NAB2011 was on the whole was a lot more interesting than I think we all first thought it would be.
Putting aside Apples FCPX announcement (though I will return back to it – obviously) the overall story that came out of NAB was that of affordable 3D production, from acquisition to transmission.
3D has long been viewed by the majority as somewhat of a ‘fad’ or rather a technical dream of the future and not a production possibility of now. These ideas may well be coming to an end after the technology that was showed at this year’s NAB Show.
With file base cameras becoming the standard weapon of choice for most productions this has paved the way forward for much cheaper 3D cameras. Panasonics P2 based 3D camera (AG3DP1) and Sony’s XDCAM EX 3D camera (BMW-TD300) both show a great inroads for productions to use tried and tested equipment in the field for 3D productions. But the worry for people here is the lack of guidelines for producing 3D from both a technical and artistic viewpoint. James Cameron appeared to realise this and called for an agreed standardisation of 3D productions.
With production workflows in mind NLE systems have been able to handle 3D material for some time and for the most of it the usual suspects Avid Media Composer, Apples Final Cut Pro and Adobe Premiere haven’t really embraced it completely (though Adobe with After Effects does offer a rather neat solution) its left to the likes of Sony Vegas, Quantel and Autodesk to offer true 3D manipulation tool sets for the editor. Without a common ‘workhorse’ solution, productions may well still worry about the production workflow, especially if they wish to keep it in house.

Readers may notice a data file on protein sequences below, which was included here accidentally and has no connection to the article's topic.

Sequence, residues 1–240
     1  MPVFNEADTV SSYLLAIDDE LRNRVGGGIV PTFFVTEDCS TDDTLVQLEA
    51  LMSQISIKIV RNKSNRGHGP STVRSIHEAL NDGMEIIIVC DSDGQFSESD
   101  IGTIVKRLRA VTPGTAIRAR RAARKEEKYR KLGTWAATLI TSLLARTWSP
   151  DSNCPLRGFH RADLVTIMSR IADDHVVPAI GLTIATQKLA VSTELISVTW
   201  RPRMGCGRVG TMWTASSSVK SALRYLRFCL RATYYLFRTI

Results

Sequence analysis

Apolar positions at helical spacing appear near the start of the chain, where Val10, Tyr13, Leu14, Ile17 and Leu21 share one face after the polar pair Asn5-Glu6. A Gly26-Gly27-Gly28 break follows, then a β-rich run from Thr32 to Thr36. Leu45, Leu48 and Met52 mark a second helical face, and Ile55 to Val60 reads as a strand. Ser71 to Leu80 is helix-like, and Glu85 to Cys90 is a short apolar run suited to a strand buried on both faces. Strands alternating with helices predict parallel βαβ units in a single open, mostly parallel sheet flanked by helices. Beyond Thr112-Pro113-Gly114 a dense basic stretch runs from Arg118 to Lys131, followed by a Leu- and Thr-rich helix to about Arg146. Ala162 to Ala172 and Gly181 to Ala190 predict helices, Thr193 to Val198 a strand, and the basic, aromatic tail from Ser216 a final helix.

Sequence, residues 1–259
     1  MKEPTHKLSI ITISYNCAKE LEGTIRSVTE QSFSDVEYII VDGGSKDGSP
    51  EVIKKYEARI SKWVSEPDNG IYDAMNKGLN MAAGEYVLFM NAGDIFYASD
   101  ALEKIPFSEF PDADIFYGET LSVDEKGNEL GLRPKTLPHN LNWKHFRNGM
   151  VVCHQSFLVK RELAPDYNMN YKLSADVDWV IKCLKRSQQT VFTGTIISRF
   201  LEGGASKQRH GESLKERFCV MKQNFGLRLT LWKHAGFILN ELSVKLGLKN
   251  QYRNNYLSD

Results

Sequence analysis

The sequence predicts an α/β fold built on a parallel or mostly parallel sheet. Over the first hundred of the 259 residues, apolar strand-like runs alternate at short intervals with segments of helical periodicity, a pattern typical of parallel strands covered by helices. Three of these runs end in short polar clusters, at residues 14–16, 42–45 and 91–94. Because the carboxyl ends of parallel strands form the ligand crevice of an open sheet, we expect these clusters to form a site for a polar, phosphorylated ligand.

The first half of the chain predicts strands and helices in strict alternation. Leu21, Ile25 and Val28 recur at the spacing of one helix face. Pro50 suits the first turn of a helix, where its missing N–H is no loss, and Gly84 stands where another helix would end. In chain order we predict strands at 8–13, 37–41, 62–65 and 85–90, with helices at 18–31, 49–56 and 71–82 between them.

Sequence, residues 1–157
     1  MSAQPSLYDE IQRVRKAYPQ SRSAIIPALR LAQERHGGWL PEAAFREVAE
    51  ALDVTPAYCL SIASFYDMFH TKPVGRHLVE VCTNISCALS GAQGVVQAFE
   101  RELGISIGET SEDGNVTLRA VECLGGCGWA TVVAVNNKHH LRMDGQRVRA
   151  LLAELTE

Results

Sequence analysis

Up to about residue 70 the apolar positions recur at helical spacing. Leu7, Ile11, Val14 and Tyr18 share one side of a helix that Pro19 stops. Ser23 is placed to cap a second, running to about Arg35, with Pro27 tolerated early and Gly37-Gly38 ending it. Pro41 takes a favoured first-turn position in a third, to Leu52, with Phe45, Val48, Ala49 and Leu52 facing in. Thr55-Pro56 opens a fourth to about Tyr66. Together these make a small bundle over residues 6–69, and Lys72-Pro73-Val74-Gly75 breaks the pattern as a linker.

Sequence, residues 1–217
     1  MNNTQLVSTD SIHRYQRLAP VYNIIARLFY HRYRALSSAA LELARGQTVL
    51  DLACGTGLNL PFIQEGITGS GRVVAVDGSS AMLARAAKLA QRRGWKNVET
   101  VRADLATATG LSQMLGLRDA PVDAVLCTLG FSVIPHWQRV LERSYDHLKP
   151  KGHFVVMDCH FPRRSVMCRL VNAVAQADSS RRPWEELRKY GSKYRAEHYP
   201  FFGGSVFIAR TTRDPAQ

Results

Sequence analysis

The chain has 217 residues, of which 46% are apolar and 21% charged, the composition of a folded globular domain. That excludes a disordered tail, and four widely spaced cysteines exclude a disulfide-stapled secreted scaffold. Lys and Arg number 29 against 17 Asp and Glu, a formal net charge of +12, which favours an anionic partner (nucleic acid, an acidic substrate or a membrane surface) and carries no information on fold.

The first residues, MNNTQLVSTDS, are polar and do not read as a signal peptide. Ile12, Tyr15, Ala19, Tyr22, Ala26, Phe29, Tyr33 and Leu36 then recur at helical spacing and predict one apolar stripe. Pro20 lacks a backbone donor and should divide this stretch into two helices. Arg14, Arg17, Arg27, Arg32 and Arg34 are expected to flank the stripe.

Which bring me neatly onto the already infamous FCPX or rather Final Cut Pro Ten.
Never before has a pre release piece of software shown by a developer (who isn’t even exhibiting at the show!?) generated such hysteria. The now infamous showing of FCPX has set the whole FCP community alight and in most cases has appeared to have caused a divide within the diehard fans. From the worries of the ‘it looks too like iMovie’ to the joys of ‘$299 download is awesome!’ FCPX has raised more question than it can ever answer without its public release. For my point of view and the fact I didn’t attended the Super Group meeting where the software was shown all I can do is speculate be seeing as the release date is now so close to hand I think I should see it in the flesh before casting a stern eye on its performance and use. However from the few things I have seen I think it’s safe to say that FCPX is here to stay and looks like it adds more fuel to the fire to suggest that the application is going down the laptop and iMAC route rather than that of the MacPro workstation which is the professionals (which is what NAB attracts let’s face it) weapon of choice.
Will FCPX prove as big a success in the professional market as it older brother did? We'll just have to wait and see.